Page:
Sie sind hier: FRIAS School of History Fellows Prof. Dr. Thomas Lindenberger

Prof. Dr. Thomas Lindenberger

ZZF Potsdam
Guest Fellow

Freiburg Institute for Advanced Studies (FRIAS)
School of History


Born 1955; 1981 M.A. in History and Philosophy at the Free University of Berlin; 1981-1983 History Workshop organizer, Berlin; 1984-1991 Research Assistant/Assistant Prof, FU Berlin; 1991 Co-founder and member of the editor’s group of the journal WerkstattGeschichte; 1992 PhD in History at the TU Berlin, since 1993 researcher at Zentrum für Zeithistorische Forschung Potsdam; 1993 DAAD Visiting Professor at Connecticut College, New London/CT; 12/1995, 12/1997 professeur invite Ecole des Hautes Etudes en Sciences Sociales, Paris; 2002 habilitation in Modern and Contemporary History at the University of Potsdam; since 2008 adjunct Professor at Unviersity of Potsdam; since 2008 Member of the Scientific Advisory Board of the Federal Commissioner for the Stasi records (BStU); 2009-2012 director of Ludwig Boltzmann Institute for European History and Public Spheres; Member of the international editorial board of Genèses and Critique internationale


PUBLICATIONS (10 selected)

  • (Ed.) Cold War Cultures. Perspectives on Eastern and Western European Societies, Berghahn: New York/Oxford 2012, 396 p.  (with Marcus Payk, Annette Vowinckel).
  • ‘The Fragmented Society. "Societal Activism” and Authority in GDR State Socialism’, in: zeitgeschichte 37 (2010) 1, pp. 3-20. [Spanish translation in; ayer. Revista de Historia Contemporanéa 82 (2011) 2, 25-54.]
  • Grenzregime und Gesellschaftskonstruktion im SED-Staat, in: Klaus-Dietmar Henke (Hg.), Die Mauer. Errichtung, Überwindung, Erinnerung, dtv: Stuttgart 2011, pp. 111-121.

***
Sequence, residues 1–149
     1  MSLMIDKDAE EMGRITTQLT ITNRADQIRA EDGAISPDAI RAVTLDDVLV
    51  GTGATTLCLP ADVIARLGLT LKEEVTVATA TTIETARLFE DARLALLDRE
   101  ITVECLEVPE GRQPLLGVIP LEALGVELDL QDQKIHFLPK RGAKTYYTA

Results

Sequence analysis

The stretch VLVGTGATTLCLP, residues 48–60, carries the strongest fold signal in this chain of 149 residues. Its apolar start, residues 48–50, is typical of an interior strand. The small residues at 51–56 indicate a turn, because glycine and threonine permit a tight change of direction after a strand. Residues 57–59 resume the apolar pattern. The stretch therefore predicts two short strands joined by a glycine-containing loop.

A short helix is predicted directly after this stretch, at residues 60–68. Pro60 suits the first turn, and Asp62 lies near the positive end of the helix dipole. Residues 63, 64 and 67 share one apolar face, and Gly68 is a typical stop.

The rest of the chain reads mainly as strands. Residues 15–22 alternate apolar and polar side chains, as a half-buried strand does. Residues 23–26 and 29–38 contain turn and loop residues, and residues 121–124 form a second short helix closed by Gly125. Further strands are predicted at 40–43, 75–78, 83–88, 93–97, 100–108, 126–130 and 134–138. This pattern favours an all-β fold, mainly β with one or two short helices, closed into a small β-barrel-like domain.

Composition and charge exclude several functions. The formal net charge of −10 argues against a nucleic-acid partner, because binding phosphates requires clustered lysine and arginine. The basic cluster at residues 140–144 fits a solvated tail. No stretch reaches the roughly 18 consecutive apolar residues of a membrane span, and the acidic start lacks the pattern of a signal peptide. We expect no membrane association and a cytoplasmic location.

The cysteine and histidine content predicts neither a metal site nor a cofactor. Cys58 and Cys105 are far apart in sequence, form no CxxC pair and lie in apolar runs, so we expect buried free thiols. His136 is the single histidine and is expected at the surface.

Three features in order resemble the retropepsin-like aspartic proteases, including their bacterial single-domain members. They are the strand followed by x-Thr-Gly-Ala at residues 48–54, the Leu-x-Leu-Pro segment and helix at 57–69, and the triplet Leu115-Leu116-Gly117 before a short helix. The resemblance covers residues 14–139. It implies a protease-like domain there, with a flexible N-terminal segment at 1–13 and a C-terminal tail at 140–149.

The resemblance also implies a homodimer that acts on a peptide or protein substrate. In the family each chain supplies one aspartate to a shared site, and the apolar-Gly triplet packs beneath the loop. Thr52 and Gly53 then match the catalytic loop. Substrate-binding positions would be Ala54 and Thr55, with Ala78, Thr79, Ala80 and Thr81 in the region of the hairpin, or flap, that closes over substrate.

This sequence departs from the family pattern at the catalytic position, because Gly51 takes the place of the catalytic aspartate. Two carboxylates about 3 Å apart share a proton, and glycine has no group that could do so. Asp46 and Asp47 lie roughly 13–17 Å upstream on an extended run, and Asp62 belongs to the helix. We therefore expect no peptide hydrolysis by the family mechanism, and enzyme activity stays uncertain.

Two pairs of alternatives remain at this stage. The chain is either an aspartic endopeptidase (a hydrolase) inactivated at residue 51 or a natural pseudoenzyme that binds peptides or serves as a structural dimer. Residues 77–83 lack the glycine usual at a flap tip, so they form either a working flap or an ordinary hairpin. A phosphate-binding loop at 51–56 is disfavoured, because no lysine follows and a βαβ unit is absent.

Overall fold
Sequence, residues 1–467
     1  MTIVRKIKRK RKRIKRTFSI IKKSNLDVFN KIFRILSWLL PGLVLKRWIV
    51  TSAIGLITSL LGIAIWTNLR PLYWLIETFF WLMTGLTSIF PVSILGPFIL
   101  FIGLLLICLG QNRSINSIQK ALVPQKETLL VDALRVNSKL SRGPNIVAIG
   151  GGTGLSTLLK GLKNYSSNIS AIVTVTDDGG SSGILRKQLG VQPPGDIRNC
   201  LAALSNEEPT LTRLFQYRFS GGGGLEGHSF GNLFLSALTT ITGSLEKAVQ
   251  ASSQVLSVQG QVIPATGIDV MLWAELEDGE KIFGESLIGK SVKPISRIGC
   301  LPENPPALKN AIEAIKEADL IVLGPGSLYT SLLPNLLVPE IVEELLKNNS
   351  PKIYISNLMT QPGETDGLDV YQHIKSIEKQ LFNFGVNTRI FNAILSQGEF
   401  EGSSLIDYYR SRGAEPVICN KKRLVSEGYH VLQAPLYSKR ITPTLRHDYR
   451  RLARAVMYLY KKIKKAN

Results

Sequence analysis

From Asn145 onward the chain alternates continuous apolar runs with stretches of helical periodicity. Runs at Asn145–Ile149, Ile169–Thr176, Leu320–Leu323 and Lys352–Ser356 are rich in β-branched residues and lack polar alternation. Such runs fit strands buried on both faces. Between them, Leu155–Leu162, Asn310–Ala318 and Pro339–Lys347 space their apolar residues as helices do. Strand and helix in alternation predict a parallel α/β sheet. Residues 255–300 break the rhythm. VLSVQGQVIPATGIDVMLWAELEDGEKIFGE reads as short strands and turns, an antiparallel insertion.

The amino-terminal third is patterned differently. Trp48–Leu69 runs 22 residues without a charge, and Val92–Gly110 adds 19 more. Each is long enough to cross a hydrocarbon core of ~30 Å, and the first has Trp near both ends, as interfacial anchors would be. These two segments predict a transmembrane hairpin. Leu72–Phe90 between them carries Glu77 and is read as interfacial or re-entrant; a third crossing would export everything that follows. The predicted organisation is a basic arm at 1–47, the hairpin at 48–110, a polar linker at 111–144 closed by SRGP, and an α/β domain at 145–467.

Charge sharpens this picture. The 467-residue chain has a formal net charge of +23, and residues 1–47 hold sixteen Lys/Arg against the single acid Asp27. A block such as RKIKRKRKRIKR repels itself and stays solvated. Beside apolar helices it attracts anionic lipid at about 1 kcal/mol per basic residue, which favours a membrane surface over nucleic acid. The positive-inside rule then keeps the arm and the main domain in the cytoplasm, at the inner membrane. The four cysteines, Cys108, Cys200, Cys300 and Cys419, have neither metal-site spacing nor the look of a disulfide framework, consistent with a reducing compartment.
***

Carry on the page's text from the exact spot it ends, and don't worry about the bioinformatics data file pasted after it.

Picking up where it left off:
• (Ed.) Clashes in European Memory. The Case of Communist Repression and the Holocaust, Studies in European History and Public Spheres, vol. 2, StudienVerlag: Innsbruck / Transaction Publishers: New Brunswick, N.J. 2011, (with Muriel Blaive and Christian Gerbel), 294 p.
  • (Ed.) Conflicted Memories: Europeanizing Contemporary Histories, Berghahn: New York/Oxford 2007 (with Konrad H. Jarausch), 293 p.; paperback ed. 2011.
  • "Asoziale Lebensweise". Herrschaftslegitimation, Sozialdisziplinierung und die Konstruktion eines "negativen Milieus" in der SED-Diktatur, in: Geschichte und Gesellschaft 32 (2005) 2, pp. 227-254.
  • Volkspolizei. Herrschaftspraxis und öffentliche Ordnung im SED-Staat, 1952-1968, Köln, Weimar, Wien: Böhlau 2003,  504 p.
  • (Ed.) Herrschaft und Eigen-Sinn in der Diktatur. Studien zur Gesellschaftsgeschichte der DDR, Köln, Weimar, Wien: Böhlau 1999, 370 p.
  • Straßenpolitik. Zur Sozialgeschichte der öffentlichen Ordnung in Berlin, 1900-1914, Bonn: Dietz 1995, 432 p.
  • (Ed.) Physische Gewalt. Studien zur Geschichte der Neuzeit, Frankfurt a. M.: Suhrkamp 1995 (together with Alf Lüdtke), 368 p.



'Volunteering’: On the genealogy of nowadays ‘civic engagement’

‘Civil Society’ has become the catch word in nowadays ideology of good governance. Within this discourse, ‘volunteerism’ has found its place as a key slogan. For instance, the European Commission has proclaimed 2011 as the “European Year of Volunteering”. The new speak of glossy government web-sites propagating all-out volunteerism makes one believe that such behavior is a rather recent phenomenon, although it has been with all political regimes and all societies throughout Europe’s turbulent history during the last two centuries, whether monarchies or republics, totalitarian dictatorships or democracy. Inspired by Marc Bloch’s idea of a ‘regressive approach’ towards historicization and departing from recent research about state socialist societies and their transition to liberal capitalism, I will set out to reconstruct some elements of the ambiguous pre-history of nowadays cult and practices of ‘volunteering’ and ‘civic engagement’.